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Apple is releasing some updates today. They have not published the bulletins yet, but they are available here: https://gist.github.com/FredericJacobs/11189734.

In the writeup for CVE-2014-1295:

Security - Secure Transport
...

Impact: An attacker with a privileged network position may capture
data or change the operations performed in sessions protected by SSL

Description: In a 'triple handshake' attack, it was possible for an
attacker to establish two connections which had the same encryption
keys and handshake, insert the attacker's data in one connection, and
renegotiate so that the connections may be forwarded to each other.
To prevent attacks based on this scenario, Secure Transport was
changed so that, by default, a renegotiation must present the same
server certificate as was presented in the original connection.

How is it possible to run two instances of a protocol and get the same parameters? Wouldn't nonces specifically neutralize this attack?

(And sorry about the crummy tagging).

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1 Answer 1

up vote 1 down vote accepted

The attacker acts as a man-in-the-middle and can forward the clients nonce to the server and the servers nonce to the client. As a result both parties establish a connection with the attacker using the same nonces.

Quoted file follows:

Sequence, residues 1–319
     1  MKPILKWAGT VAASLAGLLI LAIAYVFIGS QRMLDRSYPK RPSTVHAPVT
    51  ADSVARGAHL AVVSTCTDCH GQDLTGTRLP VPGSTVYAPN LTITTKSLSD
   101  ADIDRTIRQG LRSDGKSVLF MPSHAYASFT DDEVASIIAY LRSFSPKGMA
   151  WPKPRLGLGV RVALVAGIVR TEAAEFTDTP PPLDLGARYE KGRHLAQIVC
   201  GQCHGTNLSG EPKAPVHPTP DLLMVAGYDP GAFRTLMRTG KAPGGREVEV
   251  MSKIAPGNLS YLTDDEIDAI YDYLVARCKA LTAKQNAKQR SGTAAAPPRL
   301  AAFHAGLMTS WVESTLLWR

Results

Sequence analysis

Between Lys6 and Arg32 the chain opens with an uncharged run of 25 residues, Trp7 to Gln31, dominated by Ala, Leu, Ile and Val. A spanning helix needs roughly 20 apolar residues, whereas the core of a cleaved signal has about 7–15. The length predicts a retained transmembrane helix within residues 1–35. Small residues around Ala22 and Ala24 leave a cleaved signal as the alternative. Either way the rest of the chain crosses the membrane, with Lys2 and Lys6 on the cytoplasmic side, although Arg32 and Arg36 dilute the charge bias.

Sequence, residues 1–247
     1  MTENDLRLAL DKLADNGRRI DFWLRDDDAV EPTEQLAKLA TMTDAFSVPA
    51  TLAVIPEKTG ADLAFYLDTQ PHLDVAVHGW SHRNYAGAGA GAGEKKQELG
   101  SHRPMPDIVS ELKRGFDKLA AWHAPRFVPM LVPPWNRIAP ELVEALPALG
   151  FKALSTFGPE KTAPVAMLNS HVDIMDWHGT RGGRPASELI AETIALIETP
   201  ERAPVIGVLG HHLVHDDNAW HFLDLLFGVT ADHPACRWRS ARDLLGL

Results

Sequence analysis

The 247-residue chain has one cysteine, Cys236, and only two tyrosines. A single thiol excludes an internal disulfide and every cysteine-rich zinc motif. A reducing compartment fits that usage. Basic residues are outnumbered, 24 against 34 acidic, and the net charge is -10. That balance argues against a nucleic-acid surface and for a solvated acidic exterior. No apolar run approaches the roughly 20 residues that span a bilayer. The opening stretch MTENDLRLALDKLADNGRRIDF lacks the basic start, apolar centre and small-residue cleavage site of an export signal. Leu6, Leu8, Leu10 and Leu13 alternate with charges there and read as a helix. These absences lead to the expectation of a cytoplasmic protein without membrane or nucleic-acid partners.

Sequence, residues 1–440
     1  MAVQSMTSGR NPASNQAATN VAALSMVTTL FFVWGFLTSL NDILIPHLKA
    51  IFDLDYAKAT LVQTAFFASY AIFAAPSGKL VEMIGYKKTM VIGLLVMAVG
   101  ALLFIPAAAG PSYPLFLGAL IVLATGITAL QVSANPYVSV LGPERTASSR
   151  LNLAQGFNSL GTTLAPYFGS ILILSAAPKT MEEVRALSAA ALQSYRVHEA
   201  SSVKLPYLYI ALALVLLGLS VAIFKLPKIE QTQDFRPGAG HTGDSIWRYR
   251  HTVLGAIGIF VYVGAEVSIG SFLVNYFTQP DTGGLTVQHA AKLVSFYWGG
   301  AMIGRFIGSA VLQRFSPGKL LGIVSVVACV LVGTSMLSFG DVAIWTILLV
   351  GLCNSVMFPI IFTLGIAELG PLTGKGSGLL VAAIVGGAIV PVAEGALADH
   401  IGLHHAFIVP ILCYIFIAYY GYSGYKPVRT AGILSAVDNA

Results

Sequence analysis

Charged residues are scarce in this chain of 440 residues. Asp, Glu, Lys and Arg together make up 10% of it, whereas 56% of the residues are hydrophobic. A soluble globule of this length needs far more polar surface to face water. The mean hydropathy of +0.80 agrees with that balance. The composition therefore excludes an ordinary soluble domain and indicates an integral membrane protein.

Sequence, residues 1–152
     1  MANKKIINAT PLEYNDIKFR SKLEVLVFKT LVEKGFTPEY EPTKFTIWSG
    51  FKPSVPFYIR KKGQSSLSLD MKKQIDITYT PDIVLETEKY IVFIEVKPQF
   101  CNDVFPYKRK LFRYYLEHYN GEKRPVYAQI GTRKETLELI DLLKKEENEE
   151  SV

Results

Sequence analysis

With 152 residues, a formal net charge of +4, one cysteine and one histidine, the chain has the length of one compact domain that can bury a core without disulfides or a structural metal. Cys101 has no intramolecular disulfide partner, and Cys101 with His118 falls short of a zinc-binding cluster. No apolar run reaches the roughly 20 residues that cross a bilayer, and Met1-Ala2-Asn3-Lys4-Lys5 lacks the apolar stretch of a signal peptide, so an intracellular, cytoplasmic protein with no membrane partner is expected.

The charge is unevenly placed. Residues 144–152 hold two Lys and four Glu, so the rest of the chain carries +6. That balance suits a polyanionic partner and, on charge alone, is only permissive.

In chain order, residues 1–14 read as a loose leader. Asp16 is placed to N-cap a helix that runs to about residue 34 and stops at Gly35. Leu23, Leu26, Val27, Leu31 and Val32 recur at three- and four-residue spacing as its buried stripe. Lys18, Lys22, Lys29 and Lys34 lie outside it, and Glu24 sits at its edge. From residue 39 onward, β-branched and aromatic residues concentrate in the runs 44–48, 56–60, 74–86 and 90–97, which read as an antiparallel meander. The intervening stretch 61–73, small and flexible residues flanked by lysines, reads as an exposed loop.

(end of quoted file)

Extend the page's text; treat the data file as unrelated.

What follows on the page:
Because of a weakness in the TLS protocol, the two connections can have the same key, and this key is known to the attacker.

After resumption TLS 'forgets' that the connections were established with the attacker, and did not prevent renegotiation, e.g. using client authentication, between two honest participants. This is corrected by the patch that requires a renegotiation to present the same server certificate as was presented in the original connection.

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Oh, OK. I thought I read about that some time ago. I guess the attack is more recent than I first thought... –  jww Apr 24 at 0:39

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